The Republican’s campaign said he plans to replace the expansion with a different program approved by the federal government, but his vision of that appears to conflict with the federal health-reform law, which pays almost all the cost of the expansion only if states make eligible people with household incomes up to 138 percent of the federal poverty level.
“We will not continue to enroll people at 138 percent of the federal poverty level,” Bevin told Ronnie Ellis of CNHI News Service. “They will continue to be on it until we come up with a solution. But we are not going to re-enroll people at 138 percent.”
Bevin’s newly named communications director, Jessica Ditto, issued a statement saying “Matt has been consistent on the issue of Medicaid expansion from day one. Kentucky simply can’t afford to have a quarter or more of our citizens on Medicaid. What he has called for is repeal of Obama’s Medicaid expansion by applying to CMS for 1115 waivers (as other states have successfully done) in order to better customize a solution to address the healthcare needs of the commonwealth.”
The federal government pays the entire cost of the expansion through next year. In 2017, the state begins paying 5 percent, rising to the federal health-reform law’s cap of 10 percent in 2020.
A Deloitte Consulting study, funded by the state, says that the expansion will pay for itself throiugh 2020 by adding regular patients to the system, expanding jobs in health care and increasing income taxes paid by those workers. Bevin has called this report “nonsense.”
At the Kentucky Chamber of Commerce‘s Business Summit and Annual Meeting in July, Bevin said he would not immediately end the expansion, contrary to what he said for months. “That’s not what I’m calling for, at all,” he said, adding that he favors a modified plan based on the experience of other states like Indiana, which received federal waivers to create a program in which Medicaid beneficiaries have co-payments, can pay premiums for better benefits and get partial refunds if they don’t use the benefits.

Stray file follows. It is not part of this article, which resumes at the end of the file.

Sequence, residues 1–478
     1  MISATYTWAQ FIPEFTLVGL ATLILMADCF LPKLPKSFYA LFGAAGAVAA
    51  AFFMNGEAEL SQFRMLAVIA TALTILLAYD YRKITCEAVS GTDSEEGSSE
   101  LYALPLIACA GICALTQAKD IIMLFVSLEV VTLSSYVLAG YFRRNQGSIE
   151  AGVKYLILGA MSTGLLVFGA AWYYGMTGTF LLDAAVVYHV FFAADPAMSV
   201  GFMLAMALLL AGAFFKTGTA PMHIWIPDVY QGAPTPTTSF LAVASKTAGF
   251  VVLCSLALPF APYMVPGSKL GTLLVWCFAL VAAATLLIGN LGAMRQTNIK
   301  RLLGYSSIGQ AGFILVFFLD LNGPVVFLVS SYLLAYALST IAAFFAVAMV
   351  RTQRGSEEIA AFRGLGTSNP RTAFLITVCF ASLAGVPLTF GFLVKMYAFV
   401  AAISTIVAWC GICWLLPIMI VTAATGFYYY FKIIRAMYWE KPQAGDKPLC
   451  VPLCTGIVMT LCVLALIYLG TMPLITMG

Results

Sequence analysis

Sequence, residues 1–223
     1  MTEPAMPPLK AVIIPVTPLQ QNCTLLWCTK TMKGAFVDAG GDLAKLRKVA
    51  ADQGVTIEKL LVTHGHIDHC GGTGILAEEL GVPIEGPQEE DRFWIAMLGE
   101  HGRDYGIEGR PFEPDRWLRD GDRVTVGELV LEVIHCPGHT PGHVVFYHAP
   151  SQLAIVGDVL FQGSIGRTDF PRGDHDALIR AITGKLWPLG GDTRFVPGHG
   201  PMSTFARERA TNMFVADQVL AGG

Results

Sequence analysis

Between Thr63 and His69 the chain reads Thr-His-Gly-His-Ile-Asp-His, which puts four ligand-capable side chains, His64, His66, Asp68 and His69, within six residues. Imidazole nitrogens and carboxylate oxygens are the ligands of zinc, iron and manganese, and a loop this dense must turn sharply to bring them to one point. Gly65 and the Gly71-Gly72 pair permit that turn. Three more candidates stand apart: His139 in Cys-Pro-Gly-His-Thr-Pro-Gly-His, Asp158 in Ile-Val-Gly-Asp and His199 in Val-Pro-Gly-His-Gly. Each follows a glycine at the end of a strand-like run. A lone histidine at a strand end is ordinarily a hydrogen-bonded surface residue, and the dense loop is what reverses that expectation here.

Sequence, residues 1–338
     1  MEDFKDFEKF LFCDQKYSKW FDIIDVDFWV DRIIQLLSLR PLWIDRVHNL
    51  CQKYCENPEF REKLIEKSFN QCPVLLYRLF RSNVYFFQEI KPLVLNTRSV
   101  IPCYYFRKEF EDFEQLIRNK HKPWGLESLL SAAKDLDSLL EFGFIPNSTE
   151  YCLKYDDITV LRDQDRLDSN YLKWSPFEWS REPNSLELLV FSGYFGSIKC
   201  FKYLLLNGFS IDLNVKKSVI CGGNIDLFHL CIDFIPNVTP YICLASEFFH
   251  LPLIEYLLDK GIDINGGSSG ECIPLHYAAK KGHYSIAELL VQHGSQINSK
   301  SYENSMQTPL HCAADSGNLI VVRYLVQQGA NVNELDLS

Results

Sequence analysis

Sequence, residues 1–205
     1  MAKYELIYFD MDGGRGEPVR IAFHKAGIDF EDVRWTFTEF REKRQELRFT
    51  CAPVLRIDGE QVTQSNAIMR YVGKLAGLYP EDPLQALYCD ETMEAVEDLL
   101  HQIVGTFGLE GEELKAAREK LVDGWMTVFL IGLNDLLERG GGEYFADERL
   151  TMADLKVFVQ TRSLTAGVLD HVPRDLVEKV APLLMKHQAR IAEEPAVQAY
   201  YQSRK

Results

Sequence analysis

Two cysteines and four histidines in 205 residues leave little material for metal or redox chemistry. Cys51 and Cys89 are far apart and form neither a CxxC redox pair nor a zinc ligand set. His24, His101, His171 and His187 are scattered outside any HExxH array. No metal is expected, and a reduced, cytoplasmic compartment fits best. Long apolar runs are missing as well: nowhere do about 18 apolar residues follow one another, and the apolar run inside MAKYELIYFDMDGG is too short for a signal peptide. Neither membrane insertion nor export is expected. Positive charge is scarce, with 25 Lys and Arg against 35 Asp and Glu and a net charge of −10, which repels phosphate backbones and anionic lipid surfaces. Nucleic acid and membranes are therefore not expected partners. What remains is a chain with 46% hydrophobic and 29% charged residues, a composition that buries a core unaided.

Bevin told the Chamber that it was important for consumers to have some “skin in the game” when asked why he liked the Indiana plan, describing his belief that it is important for clients to have a “sense of ownership” in their healthcare and that charging them a co-payment is a way to treat people with “dignity and respect, and giving them the belief that they have control over their own situation and people are seizing that.”
The Kentucky Center for Economic Policy disagrees and says that the Indiana model “could prevent low-income people from getting the care they need, making health problems costlier down the road and creating barriers to sustaining the health coverage gains Kentucky has made in recent years, ” Ashley Spalding writes for the center.
In a Sept. 15 debate, Bevin said he would “tweak” the program, “largely
gliding past his February declaration that he would end the expansion ‘immediately’,” Lexington Herald-Leader political reporter Sam Youngman notes, adding that the letter is “a far cry
from a ‘tweak,’ and the closer we get to Election Day, the less clear
Bevin’s position on the issue has become. But the assumption that
most voters will check out the facts and look closely at the veracity
of what was said is a fool’s bet, and Bevin’s apparent strategy of
trying to muddy the waters on the issue might help him survive his many